Non-small Cell Lung Cancer Overview - Signaling Pathway. Diagnosis. Targeted Therapy

About Non-small Cell Lung Cancer

Non-small cell lung cancer (NSCLC) is a disease in which malignant (cancer) cells form in lung tissue, accounting for about 80% to 85% of lung cancer. It includes any type of epithelial lung cancer other than small cell lung carcinoma (SCLC), and the main subtypes of NSCLC are adenocarcinoma, squamous cell carcinoma, and large cell carcinoma. Other types like pleomorphic, carcinoid tumor, salivary gland carcinoma, and unclassified carcinoma are less common types. Non-small cell cancer has no special symptoms of disease, and the symptoms may be similar to or coincide with the symptoms of other diseases, which makes diagnosis more difficult. Some symptoms of early progression of the disease are feeling weak, being very tired, having trouble swallowing, swelling in the face or neck, and continuous or recurring infections like bronchitis or pneumonia. And some symptoms of less advanced cancer include chronic cough, coughing up blood, chest pain, hoarseness, shortness of breath, wheezing, chest pain, weight loss, and loss of appetite. Air pollution and smoking are the main risk factors for non-small cell lung cancer. The earlier you smoke, the higher the frequency of smoking, and the longer you smoke, the greater your risk of lung cancer. Others such as family genetic history and radioactive environments also are induced factors of non-small cell lung cancer. Early detection of non-small cell lung cancer is mainly by X-ray. If the degree of skepticism is high, then further biopsy and imaging tests are needed to determine and staging.

Overview of Non-small Cell Lung Cancer pathways

Main Signaling Pathways in Non-small Cell Lung Cancer

Diagnosis of Non-small Cell Lung Cancer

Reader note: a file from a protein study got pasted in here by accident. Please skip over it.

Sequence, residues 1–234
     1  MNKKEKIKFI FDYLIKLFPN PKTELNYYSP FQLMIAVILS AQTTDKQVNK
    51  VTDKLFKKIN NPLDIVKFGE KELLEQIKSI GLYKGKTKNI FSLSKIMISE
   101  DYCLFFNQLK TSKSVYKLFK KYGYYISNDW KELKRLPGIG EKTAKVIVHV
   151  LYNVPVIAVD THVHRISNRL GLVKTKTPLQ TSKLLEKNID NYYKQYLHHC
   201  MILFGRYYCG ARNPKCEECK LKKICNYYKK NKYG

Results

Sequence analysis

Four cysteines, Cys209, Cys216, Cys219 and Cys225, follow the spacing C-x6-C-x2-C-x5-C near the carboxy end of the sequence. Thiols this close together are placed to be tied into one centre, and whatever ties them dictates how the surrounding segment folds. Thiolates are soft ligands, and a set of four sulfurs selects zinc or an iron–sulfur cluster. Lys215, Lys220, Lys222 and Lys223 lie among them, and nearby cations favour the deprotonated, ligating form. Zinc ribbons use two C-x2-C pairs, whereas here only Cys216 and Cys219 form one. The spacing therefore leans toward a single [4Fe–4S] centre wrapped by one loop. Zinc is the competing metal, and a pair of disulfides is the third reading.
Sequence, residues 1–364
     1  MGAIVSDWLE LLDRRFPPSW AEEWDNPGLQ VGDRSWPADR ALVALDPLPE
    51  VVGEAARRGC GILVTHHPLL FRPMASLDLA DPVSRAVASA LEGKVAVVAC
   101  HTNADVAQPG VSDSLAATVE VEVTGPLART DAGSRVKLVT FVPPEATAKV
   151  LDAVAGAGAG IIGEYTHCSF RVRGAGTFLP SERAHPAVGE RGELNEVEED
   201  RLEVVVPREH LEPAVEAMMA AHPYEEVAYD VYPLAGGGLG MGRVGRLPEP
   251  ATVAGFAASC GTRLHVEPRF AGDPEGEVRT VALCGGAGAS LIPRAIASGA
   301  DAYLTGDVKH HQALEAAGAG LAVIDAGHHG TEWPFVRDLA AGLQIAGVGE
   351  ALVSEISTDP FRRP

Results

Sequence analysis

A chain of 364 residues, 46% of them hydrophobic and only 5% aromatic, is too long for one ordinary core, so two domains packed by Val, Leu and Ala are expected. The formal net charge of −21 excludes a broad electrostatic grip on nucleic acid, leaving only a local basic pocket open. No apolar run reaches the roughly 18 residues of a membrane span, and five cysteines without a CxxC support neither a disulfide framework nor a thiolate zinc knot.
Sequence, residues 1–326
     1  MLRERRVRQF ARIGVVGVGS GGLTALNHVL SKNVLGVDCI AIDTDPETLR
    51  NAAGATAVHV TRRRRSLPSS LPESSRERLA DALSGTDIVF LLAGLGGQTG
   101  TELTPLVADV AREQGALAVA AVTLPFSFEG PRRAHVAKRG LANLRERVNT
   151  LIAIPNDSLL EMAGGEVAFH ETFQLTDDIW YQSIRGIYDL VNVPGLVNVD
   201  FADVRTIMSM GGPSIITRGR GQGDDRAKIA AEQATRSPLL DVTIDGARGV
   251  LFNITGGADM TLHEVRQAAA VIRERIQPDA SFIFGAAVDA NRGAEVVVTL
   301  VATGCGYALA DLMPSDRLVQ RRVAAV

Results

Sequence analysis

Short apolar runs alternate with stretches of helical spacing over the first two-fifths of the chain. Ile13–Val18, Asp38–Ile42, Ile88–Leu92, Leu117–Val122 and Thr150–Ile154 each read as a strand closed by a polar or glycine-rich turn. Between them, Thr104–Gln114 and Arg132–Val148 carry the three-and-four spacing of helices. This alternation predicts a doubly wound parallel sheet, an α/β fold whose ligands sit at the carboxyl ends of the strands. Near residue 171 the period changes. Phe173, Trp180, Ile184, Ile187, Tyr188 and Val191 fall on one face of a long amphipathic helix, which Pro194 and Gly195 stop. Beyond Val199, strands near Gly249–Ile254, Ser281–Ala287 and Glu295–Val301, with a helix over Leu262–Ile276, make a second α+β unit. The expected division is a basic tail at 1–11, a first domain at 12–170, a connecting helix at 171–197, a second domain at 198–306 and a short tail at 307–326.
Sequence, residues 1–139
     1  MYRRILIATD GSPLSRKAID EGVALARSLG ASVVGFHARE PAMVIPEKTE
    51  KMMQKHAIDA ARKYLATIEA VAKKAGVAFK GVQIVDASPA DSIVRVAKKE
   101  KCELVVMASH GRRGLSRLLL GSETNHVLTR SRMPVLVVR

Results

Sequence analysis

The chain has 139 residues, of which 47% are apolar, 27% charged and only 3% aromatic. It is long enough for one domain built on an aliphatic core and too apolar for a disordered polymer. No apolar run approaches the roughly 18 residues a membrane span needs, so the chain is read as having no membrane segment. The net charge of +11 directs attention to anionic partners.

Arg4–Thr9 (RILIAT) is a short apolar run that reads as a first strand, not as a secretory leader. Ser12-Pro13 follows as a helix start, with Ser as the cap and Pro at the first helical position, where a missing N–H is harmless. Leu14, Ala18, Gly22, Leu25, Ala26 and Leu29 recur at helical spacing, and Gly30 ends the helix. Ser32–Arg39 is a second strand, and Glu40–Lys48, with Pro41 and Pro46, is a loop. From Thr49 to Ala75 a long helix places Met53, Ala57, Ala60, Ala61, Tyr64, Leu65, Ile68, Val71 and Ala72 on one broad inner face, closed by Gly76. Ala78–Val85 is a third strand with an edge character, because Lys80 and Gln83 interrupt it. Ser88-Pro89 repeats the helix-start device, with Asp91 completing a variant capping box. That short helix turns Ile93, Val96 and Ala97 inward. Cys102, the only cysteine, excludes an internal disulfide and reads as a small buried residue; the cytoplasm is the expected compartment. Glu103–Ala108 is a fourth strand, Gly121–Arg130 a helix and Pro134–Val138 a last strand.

The diagnosis usually begins with the appearance of suspicious symptoms, so the results of physical exam and medical history can be helpful for the diagnosis of non-small cell lung cancer. Imaging and biopsy can be used to further locate and confirm the suspected cases. More than 75% of patients with non-small cell lung cancer have clinical manifestations such as cough, chest pain, haemoptysis, weight loss, dyspnoea, and other symptoms may also include venous congestion in the upper chest, shoulder pain together with the ulnar aspect of the arm and forearm. When the patient has the above suspected symptoms, further imaging examination including chest x-rays and CT scan are needed. Clinical data show that the detection rate of CT scan is better than that of x-ray, so patients with suspected lung tumors must undergo a contrast-enhanced CT scanning of the chest and upper abdomen. In addition, microscopic examination of sputum samples, that is sputum cytology, is also one of the means of detection and diagnosis of lung cancer. Biopsy is usually an effective method for the diagnosis of lung cancer. The methods of biopsy include fine-needle aspiration (FNA) biopsy, bronchoscopy, thoracoscopy, mediastinoscopy, anterior mediastinoscopy and lymph node biopsy. The advantage of microscopic examination is that tissue specimens can be obtained at the same time of biopsy. Research on markers of non-small cell lung cancer (NSCLC) has been under way. The 2011 Lancet Seminar on non-small-cell lung cancer mentioned that thyroid transcription factor 1, cytokeratin 7, and mucin staining are recommended markers for adenocarcinoma, and P63 and cytokeratin 5/6 for squamous-cell carcinoma. This conclusion is supported by clinical data and is suitable for the detection of cytological samples in tissue biopsies.